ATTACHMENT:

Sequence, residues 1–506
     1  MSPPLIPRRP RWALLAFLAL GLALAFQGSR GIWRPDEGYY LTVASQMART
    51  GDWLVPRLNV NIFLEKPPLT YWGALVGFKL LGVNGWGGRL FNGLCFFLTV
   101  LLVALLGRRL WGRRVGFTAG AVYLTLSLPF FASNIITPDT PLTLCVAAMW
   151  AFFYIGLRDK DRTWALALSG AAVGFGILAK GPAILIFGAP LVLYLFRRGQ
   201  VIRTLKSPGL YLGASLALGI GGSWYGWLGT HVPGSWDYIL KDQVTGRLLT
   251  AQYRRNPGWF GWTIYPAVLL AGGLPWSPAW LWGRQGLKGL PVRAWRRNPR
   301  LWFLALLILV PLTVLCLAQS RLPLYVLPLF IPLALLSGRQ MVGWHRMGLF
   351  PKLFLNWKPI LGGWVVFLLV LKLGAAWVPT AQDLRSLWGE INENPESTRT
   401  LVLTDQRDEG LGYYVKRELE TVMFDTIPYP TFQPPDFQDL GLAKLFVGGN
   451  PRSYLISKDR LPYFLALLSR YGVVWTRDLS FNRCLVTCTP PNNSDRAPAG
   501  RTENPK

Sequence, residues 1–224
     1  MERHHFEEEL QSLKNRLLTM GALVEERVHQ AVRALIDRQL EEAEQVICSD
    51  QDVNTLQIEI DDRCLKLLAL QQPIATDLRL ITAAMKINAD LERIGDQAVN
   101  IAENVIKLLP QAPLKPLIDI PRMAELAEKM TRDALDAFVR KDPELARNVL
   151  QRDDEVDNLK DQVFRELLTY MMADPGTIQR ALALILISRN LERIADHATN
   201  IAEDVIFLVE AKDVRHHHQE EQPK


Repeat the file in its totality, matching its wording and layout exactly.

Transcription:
Sequence, residues 1–506
     1  MSPPLIPRRP RWALLAFLAL GLALAFQGSR GIWRPDEGYY LTVASQMART
    51  GDWLVPRLNV NIFLEKPPLT YWGALVGFKL LGVNGWGGRL FNGLCFFLTV
   101  LLVALLGRRL WGRRVGFTAG AVYLTLSLPF FASNIITPDT PLTLCVAAMW
   151  AFFYIGLRDK DRTWALALSG AAVGFGILAK GPAILIFGAP LVLYLFRRGQ
   201  VIRTLKSPGL YLGASLALGI GGSWYGWLGT HVPGSWDYIL KDQVTGRLLT
   251  AQYRRNPGWF GWTIYPAVLL AGGLPWSPAW LWGRQGLKGL PVRAWRRNPR
   301  LWFLALLILV PLTVLCLAQS RLPLYVLPLF IPLALLSGRQ MVGWHRMGLF
   351  PKLFLNWKPI LGGWVVFLLV LKLGAAWVPT AQDLRSLWGE INENPESTRT
   401  LVLTDQRDEG LGYYVKRELE TVMFDTIPYP TFQPPDFQDL GLAKLFVGGN
   451  PRSYLISKDR LPYFLALLSR YGVVWTRDLS FNRCLVTCTP PNNSDRAPAG
   501  RTENPK

Sequence, residues 1–224
     1  MERHHFEEEL QSLKNRLLTM GALVEERVHQ AVRALIDRQL EEAEQVICSD
    51  QDVNTLQIEI DDRCLKLLAL QQPIATDLRL ITAAMKINAD LERIGDQAVN
   101  IAENVIKLLP QAPLKPLIDI PRMAELAEKM TRDALDAFVR KDPELARNVL
   151  QRDDEVDNLK DQVFRELLTY MMADPGTIQR ALALILISRN LERIADHATN
   201  IAEDVIFLVE AKDVRHHHQE EQPK